rather than replaces them. But also encourage people to try-out new
    technologies that might improve how they’re able to work together
    to achieve flow. Toyota says a machine is in its worst state when
    it arrives new in the factory. Over time they make it more
    reliable. Just like a new team.


People and Partners

  1. Add value to the organisation by developing your people and
    partners.
  2. Grow leaders (

    sensei

    ) from within
    who thoroughly understand the work, live the philosophy and teach
    it to others. At Toyota, a leader is always teaching two other
    people to succeed them. Apparently Toyota has expanded faster than
    its ability to grow new leaders.

  3. Develop exceptional people who live the philosophy. Provide
    them with continuous on-the-job training. Create and then

    empower


    self-organising,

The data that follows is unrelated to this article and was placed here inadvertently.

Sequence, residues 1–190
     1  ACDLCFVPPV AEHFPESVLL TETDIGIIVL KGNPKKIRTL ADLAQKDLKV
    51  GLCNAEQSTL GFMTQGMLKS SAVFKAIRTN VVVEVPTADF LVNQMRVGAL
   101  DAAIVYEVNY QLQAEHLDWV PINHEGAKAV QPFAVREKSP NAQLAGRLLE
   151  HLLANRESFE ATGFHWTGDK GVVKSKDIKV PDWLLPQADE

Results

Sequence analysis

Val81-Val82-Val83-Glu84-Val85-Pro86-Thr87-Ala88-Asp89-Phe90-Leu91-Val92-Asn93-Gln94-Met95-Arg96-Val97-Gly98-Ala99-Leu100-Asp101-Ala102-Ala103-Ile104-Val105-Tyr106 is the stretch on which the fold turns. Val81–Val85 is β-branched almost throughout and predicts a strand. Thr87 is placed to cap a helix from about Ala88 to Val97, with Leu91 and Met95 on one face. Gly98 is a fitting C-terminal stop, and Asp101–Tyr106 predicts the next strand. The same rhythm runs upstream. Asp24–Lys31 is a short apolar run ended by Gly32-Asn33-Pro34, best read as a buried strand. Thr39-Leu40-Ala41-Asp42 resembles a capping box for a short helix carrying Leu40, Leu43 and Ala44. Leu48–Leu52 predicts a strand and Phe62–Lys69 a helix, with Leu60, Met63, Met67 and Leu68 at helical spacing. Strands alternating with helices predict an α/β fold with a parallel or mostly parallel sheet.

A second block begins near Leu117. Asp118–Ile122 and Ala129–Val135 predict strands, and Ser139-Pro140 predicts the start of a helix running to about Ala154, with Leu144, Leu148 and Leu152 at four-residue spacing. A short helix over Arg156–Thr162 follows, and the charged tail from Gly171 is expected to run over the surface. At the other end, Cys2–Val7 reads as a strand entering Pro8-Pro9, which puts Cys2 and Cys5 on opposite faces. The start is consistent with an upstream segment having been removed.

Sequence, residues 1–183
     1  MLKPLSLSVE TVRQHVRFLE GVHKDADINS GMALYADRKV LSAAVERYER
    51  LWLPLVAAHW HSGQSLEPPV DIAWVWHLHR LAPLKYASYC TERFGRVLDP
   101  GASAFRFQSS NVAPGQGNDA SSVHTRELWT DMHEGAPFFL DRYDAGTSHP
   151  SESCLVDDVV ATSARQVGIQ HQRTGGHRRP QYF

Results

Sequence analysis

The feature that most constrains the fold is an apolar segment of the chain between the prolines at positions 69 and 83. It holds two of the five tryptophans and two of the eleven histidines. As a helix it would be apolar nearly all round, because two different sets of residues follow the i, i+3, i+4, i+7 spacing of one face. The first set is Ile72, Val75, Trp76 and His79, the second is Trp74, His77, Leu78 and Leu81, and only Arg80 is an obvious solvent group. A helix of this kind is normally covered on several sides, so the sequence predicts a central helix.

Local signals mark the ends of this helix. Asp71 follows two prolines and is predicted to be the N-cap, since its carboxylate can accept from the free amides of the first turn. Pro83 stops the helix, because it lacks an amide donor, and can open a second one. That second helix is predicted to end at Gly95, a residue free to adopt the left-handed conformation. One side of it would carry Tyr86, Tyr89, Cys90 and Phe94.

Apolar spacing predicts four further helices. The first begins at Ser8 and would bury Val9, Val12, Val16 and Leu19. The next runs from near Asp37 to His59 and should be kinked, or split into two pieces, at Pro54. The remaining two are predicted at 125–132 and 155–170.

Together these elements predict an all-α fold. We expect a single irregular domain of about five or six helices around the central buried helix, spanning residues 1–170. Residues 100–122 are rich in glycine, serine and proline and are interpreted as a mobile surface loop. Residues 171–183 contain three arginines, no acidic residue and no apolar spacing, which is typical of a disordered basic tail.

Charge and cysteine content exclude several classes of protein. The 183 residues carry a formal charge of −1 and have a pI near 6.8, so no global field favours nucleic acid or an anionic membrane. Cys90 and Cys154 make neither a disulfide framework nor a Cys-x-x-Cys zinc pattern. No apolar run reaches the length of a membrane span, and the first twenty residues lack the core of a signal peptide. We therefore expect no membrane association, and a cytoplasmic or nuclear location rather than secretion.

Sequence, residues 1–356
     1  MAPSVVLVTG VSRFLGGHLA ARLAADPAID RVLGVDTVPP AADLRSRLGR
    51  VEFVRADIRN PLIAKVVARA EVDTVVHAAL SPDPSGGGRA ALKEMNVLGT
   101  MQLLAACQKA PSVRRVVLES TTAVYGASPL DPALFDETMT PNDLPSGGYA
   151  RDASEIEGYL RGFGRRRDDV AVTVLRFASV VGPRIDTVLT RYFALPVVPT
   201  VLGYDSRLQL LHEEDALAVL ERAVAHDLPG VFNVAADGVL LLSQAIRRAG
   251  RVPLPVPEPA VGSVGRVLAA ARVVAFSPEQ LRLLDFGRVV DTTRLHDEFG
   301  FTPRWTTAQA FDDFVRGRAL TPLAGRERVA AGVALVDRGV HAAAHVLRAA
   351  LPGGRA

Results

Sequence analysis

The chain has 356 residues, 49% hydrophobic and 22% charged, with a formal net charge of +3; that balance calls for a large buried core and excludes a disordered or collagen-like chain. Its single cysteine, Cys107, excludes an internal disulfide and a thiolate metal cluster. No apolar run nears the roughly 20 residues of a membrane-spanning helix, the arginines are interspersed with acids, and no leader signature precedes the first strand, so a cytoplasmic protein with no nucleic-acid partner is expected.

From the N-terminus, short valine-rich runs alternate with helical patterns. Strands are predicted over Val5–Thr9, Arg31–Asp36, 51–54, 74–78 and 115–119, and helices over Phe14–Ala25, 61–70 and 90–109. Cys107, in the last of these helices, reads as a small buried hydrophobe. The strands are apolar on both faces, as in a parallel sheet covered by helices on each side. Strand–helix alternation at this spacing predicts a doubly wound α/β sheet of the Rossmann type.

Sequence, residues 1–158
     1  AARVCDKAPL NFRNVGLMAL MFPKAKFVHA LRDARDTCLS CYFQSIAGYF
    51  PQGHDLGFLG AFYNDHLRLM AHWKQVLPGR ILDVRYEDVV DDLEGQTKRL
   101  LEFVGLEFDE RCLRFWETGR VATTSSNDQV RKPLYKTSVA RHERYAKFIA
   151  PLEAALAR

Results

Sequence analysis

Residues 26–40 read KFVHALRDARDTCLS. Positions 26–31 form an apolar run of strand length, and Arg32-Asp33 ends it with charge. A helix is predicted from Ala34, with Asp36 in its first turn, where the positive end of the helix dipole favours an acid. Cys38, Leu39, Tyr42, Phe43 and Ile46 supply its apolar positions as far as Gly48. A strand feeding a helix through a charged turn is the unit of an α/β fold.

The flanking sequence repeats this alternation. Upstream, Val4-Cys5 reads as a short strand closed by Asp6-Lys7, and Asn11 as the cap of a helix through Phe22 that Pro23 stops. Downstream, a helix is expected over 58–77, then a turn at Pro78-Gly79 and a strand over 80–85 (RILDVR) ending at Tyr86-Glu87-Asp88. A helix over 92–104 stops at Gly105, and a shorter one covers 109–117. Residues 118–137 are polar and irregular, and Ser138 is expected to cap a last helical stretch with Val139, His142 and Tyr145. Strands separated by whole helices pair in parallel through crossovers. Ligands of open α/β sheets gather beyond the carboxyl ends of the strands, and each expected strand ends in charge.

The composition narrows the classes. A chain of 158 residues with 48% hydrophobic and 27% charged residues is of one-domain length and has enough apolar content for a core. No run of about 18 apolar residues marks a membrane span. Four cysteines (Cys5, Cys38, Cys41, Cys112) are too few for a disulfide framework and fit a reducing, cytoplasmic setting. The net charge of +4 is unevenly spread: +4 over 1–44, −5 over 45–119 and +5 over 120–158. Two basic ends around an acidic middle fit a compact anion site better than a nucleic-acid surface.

cross-functional teams

    . Work towards shared goals and
    continually reinforce the culture and philosophy.
  4. Respect your partners and suppliers. Show that you value them
    by challenging and helping them to improve. To maintain flow,
    Toyota’s partners are required to perform at the same rates as
    Toyota.


Problem-solving and Organizational
Learning

  1. If you want to know what’s really happening, go to the source
    and see it for yourself (

    genchi
    genbutsu

    ). Only then can you really understand the situation
    and add value.

  2. Consider many options. Make

    decisions
    by consensus

    and then take action immediately. Ensure everyone
    who might be affected is involved (

    nemawashi



    gently dig around the roots of a plant,
    in order to transplant it carefully

    ). A decision reached by
    consensus is binding because it embodies an idea that’s shared and
    supported by each team member.

  3. It’s never good
    enough!

    Be a learning organisation through reflection
    (hansei) and continuous improvement (

    kaizen

    ). Hold a

    retrospective

    at the end of every iteration to reflect, learn, adapt and then
    improve.

Apparently, it takes Toyota 5 to 10 years to get a new factory
up-to-speed in the Toyota Way. Changing to a culture like Toyota’s
is not quick and it’s not easy, but the rewards are worth the
investment.